FXR deficiency attenuated body weight gain and reduced adipose tissue mass in both models. Surprisingly, glucose homeostasis improved as a result of an enhanced glucose clearance and adipose tissue insulin sensitivity. In contrast, hepatic insulin sensitivity did not change, and liver steatosis aggravated as a result of the repression of β-oxidation genes. In agreement, liver-specific FXR deficiency did not protect from diet-induced obesity and insulin resistance, indicating a role for nonhepatic FXR in the control of glucose homeostasis in obesity. Decreasing elevated plasma BA concentrations in obese FXR-deficient mice by administration of the BA sequestrant colesevelam improved glucose homeostasis in a FXR-dependent manner, indicating that the observed improvements by FXR deficiency are not a result of indirect effects of altered BA metabolism.
CONCLUSIONS
Overall, FXR deficiency in obesity beneficially affects body weight development and glucose homeostasis.
doi:10.2337/db11-0030
PMCID: PMC3121443  PMID: 21593203
11.  Farnesoid x receptor deficiency improves glucose homeostasis in mouse models of obesity 
Diabetes  2011;60(7):1861-1871.
Objective
Bile acids (BA) participate in the maintenance of metabolic homeostasis acting through different signaling pathways. The nuclear BA receptor farnesoid X receptor (FXR) regulates pathways in BA, lipid, glucose and energy metabolism which become dysregulated in obesity. However, the role of FXR in obesity and associated complications, such as dyslipidemia and insulin resistance, has not been directly assessed.
Research Design and Methods
Here, we evaluate the consequences of FXR-deficiency on body weight development, lipid metabolism and insulin resistance in murine models of genetic and diet-induced obesity.
Results
FXR-deficiency attenuated body weight gain and reduced adipose tissue mass in both models. Surprisingly, glucose homeostasis improved due to an enhanced glucose clearance and adipose tissue insulin sensitivity. In contrast, hepatic insulin sensitivity did not change, and liver steatosis aggravated due to the repression of β-oxidation genes. In agreement, liver-specific FXR-deficiency did not protect from diet-induced obesity and insulin resistance indicating a role for non-hepatic FXR in the control of glucose homeostasis in obesity. Decreasing elevated plasma BA concentrations in obese FXR-deficient mice by administration of the BA sequestrant colesevelam improved glucose homeostasis in a FXR-dependent manner indicating that the observed improvements by FXR-deficiency are not due to indirect effects of altered BA metabolism.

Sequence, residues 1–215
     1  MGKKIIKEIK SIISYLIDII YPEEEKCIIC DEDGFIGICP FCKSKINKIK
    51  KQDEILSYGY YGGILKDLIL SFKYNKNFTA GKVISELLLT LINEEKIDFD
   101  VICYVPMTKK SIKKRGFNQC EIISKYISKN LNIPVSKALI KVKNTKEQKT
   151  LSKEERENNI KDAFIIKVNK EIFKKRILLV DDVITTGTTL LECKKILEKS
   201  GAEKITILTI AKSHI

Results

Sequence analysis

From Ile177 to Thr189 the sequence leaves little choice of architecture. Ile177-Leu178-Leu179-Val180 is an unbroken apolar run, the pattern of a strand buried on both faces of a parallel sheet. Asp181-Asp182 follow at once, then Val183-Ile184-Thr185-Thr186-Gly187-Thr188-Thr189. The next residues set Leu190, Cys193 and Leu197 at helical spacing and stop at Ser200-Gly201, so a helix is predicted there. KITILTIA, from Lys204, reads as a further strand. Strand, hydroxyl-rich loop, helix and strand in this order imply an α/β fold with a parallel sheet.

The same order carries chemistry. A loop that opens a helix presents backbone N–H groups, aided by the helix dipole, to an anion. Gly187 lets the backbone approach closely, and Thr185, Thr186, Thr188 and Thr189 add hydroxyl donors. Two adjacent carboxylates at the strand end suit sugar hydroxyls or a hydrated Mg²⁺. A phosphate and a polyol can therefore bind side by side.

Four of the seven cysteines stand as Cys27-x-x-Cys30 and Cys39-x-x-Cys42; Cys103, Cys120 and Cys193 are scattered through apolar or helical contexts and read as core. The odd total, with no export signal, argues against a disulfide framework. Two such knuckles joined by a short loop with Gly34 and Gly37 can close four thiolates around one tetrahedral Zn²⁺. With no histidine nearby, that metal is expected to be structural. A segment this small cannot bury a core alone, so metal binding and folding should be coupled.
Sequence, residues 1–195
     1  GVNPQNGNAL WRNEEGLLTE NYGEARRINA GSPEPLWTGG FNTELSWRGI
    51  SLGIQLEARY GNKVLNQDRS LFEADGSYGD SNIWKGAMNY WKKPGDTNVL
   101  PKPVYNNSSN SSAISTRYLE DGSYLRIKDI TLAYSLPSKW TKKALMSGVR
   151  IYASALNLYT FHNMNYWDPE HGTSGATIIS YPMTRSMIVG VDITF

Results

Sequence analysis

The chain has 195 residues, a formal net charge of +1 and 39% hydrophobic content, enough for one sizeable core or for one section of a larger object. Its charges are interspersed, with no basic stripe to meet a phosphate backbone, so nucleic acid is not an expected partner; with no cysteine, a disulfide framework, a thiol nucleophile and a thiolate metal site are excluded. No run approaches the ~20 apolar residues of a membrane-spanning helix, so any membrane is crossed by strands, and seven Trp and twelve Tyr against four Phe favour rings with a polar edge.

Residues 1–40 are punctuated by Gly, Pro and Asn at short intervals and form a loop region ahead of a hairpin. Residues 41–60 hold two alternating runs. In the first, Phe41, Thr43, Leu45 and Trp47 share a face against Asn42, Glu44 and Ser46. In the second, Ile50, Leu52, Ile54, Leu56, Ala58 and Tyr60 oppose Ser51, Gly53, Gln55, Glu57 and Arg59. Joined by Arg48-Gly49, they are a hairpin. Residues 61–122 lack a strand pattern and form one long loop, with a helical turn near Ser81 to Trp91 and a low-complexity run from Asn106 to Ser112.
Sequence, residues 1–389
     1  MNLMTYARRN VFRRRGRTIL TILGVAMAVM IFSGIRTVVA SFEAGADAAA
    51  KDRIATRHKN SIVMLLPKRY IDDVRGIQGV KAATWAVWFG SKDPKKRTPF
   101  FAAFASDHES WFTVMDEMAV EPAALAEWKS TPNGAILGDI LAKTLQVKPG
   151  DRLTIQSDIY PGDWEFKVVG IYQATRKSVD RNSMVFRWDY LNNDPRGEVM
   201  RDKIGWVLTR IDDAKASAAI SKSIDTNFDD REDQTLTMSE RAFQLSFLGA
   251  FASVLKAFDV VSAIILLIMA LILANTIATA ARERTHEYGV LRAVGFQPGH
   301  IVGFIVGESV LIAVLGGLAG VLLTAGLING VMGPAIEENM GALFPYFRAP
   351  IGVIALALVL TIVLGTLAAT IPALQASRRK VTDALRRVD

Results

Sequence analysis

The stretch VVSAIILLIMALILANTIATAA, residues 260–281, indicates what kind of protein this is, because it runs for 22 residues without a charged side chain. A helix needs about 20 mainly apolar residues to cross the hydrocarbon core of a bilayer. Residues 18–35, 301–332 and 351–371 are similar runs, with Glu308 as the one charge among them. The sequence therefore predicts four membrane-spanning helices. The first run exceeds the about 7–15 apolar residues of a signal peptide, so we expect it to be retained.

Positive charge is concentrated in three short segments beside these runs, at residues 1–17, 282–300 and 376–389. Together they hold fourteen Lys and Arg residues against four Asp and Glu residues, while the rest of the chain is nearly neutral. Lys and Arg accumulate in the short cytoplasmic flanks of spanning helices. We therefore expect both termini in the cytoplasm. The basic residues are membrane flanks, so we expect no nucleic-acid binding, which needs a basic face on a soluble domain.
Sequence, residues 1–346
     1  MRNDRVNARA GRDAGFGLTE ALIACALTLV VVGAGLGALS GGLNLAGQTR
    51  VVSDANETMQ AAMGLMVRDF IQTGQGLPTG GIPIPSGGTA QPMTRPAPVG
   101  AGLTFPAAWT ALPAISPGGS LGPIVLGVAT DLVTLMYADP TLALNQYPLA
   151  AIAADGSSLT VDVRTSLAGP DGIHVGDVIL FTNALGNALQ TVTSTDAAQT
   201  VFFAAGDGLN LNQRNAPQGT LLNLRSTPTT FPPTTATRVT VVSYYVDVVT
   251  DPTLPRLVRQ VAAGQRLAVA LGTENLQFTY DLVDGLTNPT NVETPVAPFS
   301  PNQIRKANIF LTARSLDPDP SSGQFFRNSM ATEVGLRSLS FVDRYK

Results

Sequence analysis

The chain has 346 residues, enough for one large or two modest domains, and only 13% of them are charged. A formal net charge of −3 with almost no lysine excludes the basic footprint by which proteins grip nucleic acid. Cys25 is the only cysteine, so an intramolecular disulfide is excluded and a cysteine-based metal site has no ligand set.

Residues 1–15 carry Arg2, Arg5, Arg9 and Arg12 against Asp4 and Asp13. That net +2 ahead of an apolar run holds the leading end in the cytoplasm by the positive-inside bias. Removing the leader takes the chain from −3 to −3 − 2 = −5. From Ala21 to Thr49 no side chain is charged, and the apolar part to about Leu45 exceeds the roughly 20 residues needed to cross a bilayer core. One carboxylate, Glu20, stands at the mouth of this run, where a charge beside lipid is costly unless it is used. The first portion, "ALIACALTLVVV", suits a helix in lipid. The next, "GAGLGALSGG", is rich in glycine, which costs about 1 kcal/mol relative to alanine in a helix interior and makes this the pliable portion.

Conclusions
Overall, FXR-deficiency in obesity beneficially affects body weight development and glucose homeostasis.
doi:10.2337/db11-0030
PMCID: PMC3121443  PMID: 21593203
FXR; bile acids; obesity; glucose homeostasis; insulin resistance; energy metabolism; triglyceride metabolism; bile acid sequestrants
12.  Clustering by Plasma Lipoprotein Profile Reveals Two Distinct Subgroups with Positive Lipid Response to Fenofibrate Therapy 
PLoS ONE  2012;7(6):e38072.
Fibrates lower triglycerides and raise HDL cholesterol in dyslipidemic patients, but show heterogeneous treatment response. We used k-means clustering to identify three representative NMR lipoprotein profiles for 775 subjects from the GOLDN population, and study the response to fenofibrate in corresponding subgroups. The subjects in each subgroup showed differences in conventional lipid characteristics and in presence/absence of cardiovascular risk factors at baseline; there were subgroups with a low, medium and high degree of dyslipidemia. Modeling analysis suggests that the difference between the subgroups with low and medium dyslipidemia is influenced mainly by hepatic uptake dysfunction, while the difference between subgroups with medium and high dyslipidemia is influenced mainly by extrahepatic lipolysis disfunction. The medium and high dyslipidemia subgroups showed a positive, yet distinct lipid response to fenofibrate treatment. When comparing our subgroups to known subgrouping methods, we identified an additional 33% of the population with favorable lipid response to fenofibrate compared to a standard baseline triglyceride cutoff method. Compared to a standard HDL cholesterol cutoff method, the addition was 18%. In conclusion, by using constructing subgroups based on representative lipoprotein profiles, we have identified two subgroups of subjects with positive lipid response to fenofibrate therapy and with different underlying disturbances in lipoprotein metabolism. The total subgroup with positive lipid response to fenofibrate is larger than subgroups identified with baseline triglyceride and HDL cholesterol cutoffs.
doi:10.1371/journal.pone.0038072
PMCID: PMC3373573  PMID: 22719863
13.  Interpretation and Visualization of Non-Linear Data Fusion in Kernel Space: Study on Metabolomic Characterization of Progression of Multiple Sclerosis 
PLoS ONE  2012;7(6):e38163.